Specifically, they laboratory-evolved E. coli using 11 antibiotics covering a wide range of action mechanisms such as disruption of cell wall synthesis, protein synthesis, folic acid biosynthesis, and DNA replication, establishing minimum inhibitory concentration (MIC) values of each antibiotic as an indicator of whether bacteria had established resistance. For all resistant strains, they confirmed resistance for at least 30 generations in the absence of the drug.

Then, in order to better understand the relationships between various antibiotic-resistance profiles, they measured MICs for 25 different antibiotics in each of the bacterial strains with laboratory-evolved resistance. This work revealed that the antibiotic-resistant strains generally exhibited significant changes in the MICs of multiple drugs as compared to control strains, and also demonstrated well-known phenomena such as cross-resistance to drugs with the same mechanism of action, and something called hyper-susceptibility, in which resistant strains to a drug become more susceptible than the parent strain.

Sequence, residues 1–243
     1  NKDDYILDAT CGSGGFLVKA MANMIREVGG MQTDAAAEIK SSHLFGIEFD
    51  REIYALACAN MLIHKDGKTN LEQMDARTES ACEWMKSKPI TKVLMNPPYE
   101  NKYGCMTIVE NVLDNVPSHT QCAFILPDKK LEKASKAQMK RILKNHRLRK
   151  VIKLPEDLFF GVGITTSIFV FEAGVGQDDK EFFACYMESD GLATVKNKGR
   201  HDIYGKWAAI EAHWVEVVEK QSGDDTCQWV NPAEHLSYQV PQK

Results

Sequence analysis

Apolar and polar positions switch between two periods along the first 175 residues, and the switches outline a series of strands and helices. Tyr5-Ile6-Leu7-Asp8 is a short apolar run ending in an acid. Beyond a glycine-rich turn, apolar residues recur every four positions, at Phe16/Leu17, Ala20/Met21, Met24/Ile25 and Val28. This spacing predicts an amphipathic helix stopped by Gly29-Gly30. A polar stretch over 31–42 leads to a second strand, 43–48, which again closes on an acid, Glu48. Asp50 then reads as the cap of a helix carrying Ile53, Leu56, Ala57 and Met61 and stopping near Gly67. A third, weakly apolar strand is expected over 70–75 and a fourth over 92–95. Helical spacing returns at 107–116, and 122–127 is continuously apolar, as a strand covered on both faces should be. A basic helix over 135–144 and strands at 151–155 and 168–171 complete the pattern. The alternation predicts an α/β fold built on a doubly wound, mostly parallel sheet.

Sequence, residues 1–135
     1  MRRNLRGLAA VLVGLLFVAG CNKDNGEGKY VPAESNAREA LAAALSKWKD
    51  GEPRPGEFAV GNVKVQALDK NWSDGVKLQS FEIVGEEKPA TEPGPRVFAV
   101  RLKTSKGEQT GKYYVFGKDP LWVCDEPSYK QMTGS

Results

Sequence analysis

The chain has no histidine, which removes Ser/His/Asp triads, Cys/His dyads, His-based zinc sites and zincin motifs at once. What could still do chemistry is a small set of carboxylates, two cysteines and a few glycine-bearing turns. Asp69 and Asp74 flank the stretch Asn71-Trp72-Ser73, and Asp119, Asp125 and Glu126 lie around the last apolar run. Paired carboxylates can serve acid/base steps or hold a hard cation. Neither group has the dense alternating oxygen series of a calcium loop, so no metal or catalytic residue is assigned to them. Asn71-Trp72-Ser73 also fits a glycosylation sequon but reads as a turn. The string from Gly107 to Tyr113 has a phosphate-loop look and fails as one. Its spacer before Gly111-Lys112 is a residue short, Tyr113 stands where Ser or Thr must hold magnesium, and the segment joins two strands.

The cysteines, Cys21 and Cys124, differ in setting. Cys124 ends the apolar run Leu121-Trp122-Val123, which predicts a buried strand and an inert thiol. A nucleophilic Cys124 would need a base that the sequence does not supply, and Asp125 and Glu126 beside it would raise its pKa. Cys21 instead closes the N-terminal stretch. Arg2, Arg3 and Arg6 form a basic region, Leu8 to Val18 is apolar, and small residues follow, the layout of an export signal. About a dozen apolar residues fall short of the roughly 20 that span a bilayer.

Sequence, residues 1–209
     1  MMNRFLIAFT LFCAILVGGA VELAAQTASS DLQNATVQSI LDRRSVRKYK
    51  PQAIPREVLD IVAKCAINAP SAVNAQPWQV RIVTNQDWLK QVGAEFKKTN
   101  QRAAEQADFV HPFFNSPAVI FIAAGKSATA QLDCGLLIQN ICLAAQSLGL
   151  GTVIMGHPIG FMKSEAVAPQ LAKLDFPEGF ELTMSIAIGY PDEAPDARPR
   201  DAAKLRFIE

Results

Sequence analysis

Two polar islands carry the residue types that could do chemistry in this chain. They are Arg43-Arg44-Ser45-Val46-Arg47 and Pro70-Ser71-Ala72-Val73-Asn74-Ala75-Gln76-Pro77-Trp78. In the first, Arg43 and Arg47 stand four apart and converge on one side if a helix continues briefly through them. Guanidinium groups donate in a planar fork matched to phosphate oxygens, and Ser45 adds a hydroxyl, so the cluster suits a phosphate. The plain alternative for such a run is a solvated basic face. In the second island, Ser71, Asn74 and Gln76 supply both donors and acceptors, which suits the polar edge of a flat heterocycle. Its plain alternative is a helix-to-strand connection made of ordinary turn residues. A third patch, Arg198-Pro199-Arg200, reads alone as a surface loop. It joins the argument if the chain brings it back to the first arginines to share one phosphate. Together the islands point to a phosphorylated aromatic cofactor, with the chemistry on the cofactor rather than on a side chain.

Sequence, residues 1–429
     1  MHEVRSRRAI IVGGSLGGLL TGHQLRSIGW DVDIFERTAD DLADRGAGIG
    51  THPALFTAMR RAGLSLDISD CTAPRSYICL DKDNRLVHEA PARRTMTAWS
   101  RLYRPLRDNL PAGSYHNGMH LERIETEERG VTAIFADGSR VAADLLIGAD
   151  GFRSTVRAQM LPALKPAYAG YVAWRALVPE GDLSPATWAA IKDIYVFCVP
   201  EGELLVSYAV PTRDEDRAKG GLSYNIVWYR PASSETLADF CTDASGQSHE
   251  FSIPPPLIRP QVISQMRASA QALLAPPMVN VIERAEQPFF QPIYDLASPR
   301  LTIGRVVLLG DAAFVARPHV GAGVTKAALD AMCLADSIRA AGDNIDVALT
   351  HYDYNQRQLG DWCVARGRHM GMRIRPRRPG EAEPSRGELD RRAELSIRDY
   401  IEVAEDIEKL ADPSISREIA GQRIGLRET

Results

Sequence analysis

The results of this initial analysis suggested that the phenotypic changes that occurred in resistant strains were not always restricted to specific factors, such as modification of the drug target protein structure, but instead were caused by changes in several intra-cellular properties. As such, the researchers hypothesized that these phenotypic changes were represented by changes in gene expression profiles — information they then tried to extract from transcriptome data obtained via microarray analysis.

Specifically, they used custom-designed Agilent 8 X 60K arrays for E. coli W3110, in which 12 probes were prepared for each gene analyzed. In addition, they constructed a simple mathematical model to predict resistances using the obtained gene expression profiles and showed that they could use the linear model to not only discriminate resistant from non-resistant strains but also quantitatively predict the resistances of non-resistant strains by only using the cross-resistance and hyper-susceptibility data.